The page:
In ecology it is widely recognised that many landscapes comprise a network of discrete patches of habitat. The species that inhabit the patches interact with each other through a foodweb, the network of feeding interactions. The meta-foodweb model proposed by Pillai et al. combines the feeding relationships at each patch with the dispersal of species between patches, such that the whole system is represented by a network of networks. Previous work on meta-foodwebs has focussed on landscape networks that do not have an explicit spatial embedding, but in real landscapes the patches are usually distributed in space. Here we compare the dispersal of a meta-foodweb on \ER networks, that do not have a spatial embedding, and random geometric networks, that do have a spatial embedding. We found that local structure and large network distances in spatially embedded networks, lead to meso-scale patterns of patch occupation by both specialist and omnivorous species. In particular, we found that spatial separations make the coexistence of competing species more likely. Our results highlight the effects of spatial embeddings for meta-foodweb models, and the need for new analytical approaches to them.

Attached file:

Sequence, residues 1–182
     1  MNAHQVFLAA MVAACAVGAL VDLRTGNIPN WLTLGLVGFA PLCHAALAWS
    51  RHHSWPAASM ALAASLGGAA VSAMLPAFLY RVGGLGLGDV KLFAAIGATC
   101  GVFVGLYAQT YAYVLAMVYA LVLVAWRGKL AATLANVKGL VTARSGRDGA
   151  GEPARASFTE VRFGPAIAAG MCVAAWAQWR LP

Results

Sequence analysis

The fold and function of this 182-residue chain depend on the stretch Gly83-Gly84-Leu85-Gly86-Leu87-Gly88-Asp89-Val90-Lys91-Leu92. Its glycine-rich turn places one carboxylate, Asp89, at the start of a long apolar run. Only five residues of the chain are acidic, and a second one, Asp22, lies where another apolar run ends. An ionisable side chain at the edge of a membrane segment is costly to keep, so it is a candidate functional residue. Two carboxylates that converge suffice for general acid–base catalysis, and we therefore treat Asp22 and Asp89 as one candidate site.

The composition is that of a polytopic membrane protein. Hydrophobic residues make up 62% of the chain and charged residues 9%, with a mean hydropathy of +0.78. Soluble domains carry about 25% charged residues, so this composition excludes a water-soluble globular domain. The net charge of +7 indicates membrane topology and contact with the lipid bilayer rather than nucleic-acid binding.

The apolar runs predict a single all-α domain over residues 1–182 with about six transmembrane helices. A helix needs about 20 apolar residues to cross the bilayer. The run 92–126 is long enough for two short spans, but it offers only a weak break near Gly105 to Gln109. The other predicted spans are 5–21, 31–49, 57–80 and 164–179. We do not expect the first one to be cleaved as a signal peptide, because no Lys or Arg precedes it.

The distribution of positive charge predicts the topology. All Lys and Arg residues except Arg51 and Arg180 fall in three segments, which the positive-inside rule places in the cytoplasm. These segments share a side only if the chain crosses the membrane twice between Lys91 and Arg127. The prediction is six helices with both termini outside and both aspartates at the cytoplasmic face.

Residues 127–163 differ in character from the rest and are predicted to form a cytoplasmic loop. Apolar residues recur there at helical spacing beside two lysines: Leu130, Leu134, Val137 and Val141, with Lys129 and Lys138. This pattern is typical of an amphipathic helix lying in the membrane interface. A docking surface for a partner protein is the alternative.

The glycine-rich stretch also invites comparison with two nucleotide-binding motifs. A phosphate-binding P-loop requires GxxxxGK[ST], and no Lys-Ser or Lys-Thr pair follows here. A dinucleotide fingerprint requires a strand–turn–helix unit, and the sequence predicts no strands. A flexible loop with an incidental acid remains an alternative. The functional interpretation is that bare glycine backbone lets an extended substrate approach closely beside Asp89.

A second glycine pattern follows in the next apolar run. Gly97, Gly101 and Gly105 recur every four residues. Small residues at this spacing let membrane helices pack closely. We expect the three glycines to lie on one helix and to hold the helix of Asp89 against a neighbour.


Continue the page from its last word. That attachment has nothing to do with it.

Figure 1: The mean fraction of time patches of different degrees are occupied by each species. The bars are shaded in three sections, these show the fraction of time patches are occupied by: bottom) the omnivore, this can be with or without species B; middle) species C, which must also be with species B; and top) species B but neither species C or the omnivore. In the random geometric networks the intermediate degree patches have low abundance of species C, and high abundance of the omnivore.